Style Guides

A style guide contains a set of standards for writing and designing content. It helps maintain a consistent style, voice, and tone across your documentation, whether you’re a lone writer or part of a huge docs team. A style guide saves documentarians time and trouble by providing a single reference for writing about common topics, features, and more. It can provide guidelines for different documentation deliverables, such as API reference manuals, tutorials, release notes, or overviews of complex technical concepts.

A consistent tone and style makes your content easier to read, reducing your users’ cognitive load and increasing their confidence in the content’s authority.

Some content that used to live on this page has moved. See:

Structure of this page

  • General style guide information and examples
  • Writing for accessibility
  • Including anti-bias information in style guides
  • Style guides and resources for specific content formats

Write your own style guide?

A style guide can be something as simple as a list of decisions you’ve made about how to refer to different items you frequently write about. Or it can be as complicated as the mighty tomes of major publication houses.

You can certainly create a style guide of your own. For the sake of simplicity, this approach might work if you’re a lone writer or just starting a small docs group. But neither software nor its documentation operates in a vacuum, so it’s a good idea to consult other resources as well. Working from an existing style guide can also help you figure out which things matter in your style guide.

Traditional writing style guide resources

Style guides have been around for as long as people have been publishing in any format. Traditional style guides originally intended for specific forms of print publication have become basic standards for many others to refer to, including documentarians:

Additional books on writing:

Thinking about accessibility and bias

It’s important to consider accessibility and biases in your style guide to ensure that all readers can understand the content you produce.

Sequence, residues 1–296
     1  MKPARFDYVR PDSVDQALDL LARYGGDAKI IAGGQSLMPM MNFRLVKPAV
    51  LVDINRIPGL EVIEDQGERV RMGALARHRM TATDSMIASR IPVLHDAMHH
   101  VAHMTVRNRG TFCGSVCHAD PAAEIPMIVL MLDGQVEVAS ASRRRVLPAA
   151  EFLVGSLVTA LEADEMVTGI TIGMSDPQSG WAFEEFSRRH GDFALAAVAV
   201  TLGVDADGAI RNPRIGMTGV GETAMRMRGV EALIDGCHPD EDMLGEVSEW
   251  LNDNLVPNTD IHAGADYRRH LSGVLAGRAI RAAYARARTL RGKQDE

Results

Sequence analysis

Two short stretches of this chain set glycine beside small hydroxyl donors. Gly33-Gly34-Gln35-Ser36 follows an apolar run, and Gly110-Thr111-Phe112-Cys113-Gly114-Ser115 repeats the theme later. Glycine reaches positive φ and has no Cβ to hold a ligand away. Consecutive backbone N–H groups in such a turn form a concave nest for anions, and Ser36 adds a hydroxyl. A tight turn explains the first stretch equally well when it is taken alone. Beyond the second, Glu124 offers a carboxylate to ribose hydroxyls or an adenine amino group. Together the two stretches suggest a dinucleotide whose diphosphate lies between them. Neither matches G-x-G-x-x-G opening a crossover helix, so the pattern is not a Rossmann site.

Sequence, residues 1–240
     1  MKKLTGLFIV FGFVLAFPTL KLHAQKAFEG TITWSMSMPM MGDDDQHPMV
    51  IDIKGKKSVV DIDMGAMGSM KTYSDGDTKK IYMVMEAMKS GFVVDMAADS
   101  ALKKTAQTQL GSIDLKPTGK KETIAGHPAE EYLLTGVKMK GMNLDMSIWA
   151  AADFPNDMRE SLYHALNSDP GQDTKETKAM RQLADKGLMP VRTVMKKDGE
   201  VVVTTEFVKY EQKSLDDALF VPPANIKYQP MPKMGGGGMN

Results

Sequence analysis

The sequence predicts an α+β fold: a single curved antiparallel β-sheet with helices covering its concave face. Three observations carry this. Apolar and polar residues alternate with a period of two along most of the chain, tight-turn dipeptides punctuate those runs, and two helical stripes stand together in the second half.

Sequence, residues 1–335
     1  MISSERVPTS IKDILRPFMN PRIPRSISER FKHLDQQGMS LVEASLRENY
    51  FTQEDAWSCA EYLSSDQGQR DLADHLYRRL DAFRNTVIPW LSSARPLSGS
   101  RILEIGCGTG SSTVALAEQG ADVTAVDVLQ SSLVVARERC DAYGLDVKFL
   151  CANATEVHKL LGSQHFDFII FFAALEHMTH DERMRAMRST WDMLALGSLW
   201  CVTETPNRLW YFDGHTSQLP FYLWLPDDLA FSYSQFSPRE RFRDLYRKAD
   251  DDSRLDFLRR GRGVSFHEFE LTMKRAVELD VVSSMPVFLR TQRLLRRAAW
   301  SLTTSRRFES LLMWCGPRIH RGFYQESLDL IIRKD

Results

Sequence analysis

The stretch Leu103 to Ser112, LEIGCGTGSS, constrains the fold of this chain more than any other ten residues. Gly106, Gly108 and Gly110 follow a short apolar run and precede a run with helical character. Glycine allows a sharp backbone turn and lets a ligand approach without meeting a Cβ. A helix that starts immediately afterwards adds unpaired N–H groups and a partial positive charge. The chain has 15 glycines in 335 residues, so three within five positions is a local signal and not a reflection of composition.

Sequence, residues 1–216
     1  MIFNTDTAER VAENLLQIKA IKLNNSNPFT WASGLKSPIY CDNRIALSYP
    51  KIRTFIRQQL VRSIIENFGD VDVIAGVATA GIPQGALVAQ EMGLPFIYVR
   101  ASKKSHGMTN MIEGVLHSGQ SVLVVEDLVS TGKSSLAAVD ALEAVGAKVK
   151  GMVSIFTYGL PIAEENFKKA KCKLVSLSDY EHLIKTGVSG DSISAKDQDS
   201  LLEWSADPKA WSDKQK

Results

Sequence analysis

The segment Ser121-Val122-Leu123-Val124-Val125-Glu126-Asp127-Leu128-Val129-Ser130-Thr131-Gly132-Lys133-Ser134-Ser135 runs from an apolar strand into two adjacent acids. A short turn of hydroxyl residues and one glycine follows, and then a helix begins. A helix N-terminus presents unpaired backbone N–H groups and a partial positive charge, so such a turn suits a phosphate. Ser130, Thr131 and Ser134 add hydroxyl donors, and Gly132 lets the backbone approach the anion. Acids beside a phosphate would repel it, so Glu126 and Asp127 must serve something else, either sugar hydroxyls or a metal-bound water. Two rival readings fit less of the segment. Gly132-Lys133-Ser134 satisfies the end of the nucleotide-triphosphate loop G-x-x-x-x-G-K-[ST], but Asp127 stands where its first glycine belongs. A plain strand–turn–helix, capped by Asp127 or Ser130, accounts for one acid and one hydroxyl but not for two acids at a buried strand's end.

Writing for accessibility

Writing for accessibility includes making sure copy can be read by screenreaders, content organization, style and color of text emphasis, and more.

Relevant talks from Write the Docs:

Reducing bias in your writing

You can reduce bias in your writing by considering the meanings and origins of your word choices and how those might be perceived or understood by your readers. Even thinking twice about what example user names you include in your documentation can significantly reduce bias in your documentation. Fortunately, resources are increasingly available to help you with this kind of attention to your writing.

Relevant talk from Write the Docs:

Command line resources

A command-line interface (CLI) processes commands to a computer program in the form of lines of text. Style guide standards for command line interface docs and text include these useful CLI resources:

Relevant talk from Write the Docs:

API documentation

Clear, well-formatted, and detailed API documentation is the key for developers to quickly consume and implement your API. It is also key to helping developers understand what happens when an API call is made, and in the case of failure, understand what went wrong and how to fix it.

From the perspective of a user:

  • If a feature is not documented, it does not exist. If a feature is documented incorrectly, then it is broken.

The best API documentation is often the result of a well designed API. Documentation cannot fix a poorly designed API. It is best to work on developing the API and the documentation concurrently.

If your API already exists, automated reference documentation can be useful to document the API in its current state. If your API is still being implemented, API documentation can perform a vital function in the design process.

Documentation-driven design